This week, I passed my probation review!
I am now feeling a bit more relaxed. It was so nice that my supervisor announced that I had passed, and my colleagues congratulated me!
The review meeting was more like a discussion from various perspectives, including the views of the external examiner. I mainly discussed my research with the panel, and he asked a few general questions (they were similar to some that were on my list of possible questions) and many specific questions which I had not thought about.
Overall, all the topics in the discussion we had were very helpful, and it was not a problem that I was not able to answer straight away some technical questions which I had not looked at. The panel gave me many suggestions on references and other important aspects of data analysis.
I really thank Luca, because for the last EIGHT days we rehearsed for this meeting, and I was able to be confident on the day!
Now, my advice to any PhD student facing a first-year probation review is to:
- Print all your probation documents and read them very carefully, until you know them very well. My eight-month work became a 100-page paper, including a full version of ethics applications. Having the result of your work on paper will definitely give you confidence!
- Make sure that you can explain the methodological frameworks you use.
- Bring water, pens and a notepad, and during the meeting be ready to receive any feedback from the examiner.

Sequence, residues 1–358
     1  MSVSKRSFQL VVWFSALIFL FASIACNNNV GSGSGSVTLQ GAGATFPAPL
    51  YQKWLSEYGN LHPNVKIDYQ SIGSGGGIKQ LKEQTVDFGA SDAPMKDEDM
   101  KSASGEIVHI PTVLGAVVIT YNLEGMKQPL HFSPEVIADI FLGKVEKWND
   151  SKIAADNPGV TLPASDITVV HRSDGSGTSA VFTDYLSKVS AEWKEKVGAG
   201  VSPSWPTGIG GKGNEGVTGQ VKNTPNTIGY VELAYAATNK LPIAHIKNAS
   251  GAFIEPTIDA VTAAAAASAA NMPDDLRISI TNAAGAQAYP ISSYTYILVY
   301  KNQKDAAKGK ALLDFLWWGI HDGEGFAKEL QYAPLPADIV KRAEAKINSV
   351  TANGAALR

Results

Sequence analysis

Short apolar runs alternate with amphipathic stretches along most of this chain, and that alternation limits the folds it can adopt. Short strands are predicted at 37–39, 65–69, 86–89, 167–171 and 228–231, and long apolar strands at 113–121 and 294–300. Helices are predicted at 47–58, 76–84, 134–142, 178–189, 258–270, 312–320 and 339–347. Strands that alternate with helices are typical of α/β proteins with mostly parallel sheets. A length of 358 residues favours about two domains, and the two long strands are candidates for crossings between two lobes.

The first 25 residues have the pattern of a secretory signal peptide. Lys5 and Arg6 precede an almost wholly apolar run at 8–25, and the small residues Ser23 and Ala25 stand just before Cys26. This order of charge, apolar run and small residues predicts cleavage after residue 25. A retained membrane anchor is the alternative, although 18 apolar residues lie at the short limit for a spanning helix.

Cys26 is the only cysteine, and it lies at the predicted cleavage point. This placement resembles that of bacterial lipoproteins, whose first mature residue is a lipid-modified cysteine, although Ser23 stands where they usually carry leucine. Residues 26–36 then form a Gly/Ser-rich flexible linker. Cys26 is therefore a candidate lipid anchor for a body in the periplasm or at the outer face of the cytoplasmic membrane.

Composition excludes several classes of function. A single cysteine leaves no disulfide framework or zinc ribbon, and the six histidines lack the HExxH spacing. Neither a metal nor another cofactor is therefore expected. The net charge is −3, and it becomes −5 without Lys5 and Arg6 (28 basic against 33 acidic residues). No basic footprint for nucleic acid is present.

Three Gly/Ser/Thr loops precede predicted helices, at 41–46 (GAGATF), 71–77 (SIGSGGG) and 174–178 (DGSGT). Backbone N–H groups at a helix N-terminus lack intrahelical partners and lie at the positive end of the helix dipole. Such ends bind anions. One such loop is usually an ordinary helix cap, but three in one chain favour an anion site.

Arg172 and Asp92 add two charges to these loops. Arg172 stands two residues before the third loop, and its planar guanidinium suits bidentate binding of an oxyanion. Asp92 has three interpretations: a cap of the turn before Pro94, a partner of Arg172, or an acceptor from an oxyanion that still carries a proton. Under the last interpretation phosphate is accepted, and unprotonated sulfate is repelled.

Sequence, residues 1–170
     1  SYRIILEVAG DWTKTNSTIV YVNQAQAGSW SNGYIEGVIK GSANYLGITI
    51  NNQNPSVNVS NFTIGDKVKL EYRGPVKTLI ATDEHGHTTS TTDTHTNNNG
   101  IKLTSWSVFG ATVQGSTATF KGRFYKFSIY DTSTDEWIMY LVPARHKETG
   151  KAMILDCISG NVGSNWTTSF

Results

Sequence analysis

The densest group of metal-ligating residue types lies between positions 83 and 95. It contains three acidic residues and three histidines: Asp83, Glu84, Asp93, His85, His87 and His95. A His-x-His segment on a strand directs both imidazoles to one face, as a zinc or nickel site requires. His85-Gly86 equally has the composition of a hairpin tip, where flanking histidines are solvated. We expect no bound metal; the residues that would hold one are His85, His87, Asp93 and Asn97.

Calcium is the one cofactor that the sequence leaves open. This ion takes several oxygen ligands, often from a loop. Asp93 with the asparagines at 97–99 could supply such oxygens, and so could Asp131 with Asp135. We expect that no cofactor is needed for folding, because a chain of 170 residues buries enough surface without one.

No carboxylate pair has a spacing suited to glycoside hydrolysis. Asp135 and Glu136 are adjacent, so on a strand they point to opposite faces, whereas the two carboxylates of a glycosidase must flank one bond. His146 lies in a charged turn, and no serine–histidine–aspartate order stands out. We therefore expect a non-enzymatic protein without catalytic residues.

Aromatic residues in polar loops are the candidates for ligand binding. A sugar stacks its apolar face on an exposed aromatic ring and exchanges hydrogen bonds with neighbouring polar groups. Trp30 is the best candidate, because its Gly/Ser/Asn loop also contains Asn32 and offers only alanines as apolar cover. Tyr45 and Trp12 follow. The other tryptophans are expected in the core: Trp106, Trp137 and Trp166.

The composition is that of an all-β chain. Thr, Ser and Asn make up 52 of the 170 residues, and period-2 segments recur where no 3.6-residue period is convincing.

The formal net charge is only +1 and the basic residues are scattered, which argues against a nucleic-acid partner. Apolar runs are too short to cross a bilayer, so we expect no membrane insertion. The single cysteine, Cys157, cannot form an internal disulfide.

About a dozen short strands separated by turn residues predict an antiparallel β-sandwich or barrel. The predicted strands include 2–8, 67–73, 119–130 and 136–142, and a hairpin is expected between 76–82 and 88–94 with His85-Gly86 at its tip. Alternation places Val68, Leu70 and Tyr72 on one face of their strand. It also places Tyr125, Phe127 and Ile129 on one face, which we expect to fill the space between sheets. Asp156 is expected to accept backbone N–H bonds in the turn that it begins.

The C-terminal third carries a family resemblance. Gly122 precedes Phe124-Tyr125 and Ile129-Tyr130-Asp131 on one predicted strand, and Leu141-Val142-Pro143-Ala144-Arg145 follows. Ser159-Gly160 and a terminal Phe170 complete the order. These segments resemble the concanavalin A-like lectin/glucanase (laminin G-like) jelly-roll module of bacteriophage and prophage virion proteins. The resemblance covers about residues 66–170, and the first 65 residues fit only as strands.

The list of questions that I prepared for, in no particular order, are:
- Explain your research in a simple way.
- Why are you doing this?
- How does it relate to your earlier studies?
- What was your motivation?
- Discuss the research and context.
- What are the main issues and debates in this subject area?
- Discuss your work so far.
- How did your research questions emerge?
- What is your original contribution?
- Which topics overlap with your area?
- How are you answering your research questions?
- Why have you chosen these methods?
- What problems may arise with these methods?
- How will you access your interviews?
- Ethical issues or confidentiality issues?
- Where do you see this going?
- What are the implications?
- How do you intend to share your findings?
- Discuss your progress and plan.
- Who are your intellectual influences?
I started thinking about my next tasks: fixing and reinforcing the points that the panel emphasised, writing Chapter 2, and completing some training sessions on methodologies. I have also started taking an Italian language course. And my birthday is coming in a week!
My goals for Week 41:
- Map out the prospective participants and the amount of data
- Expand the outline description of Chapter 2
- Enjoy my birthday!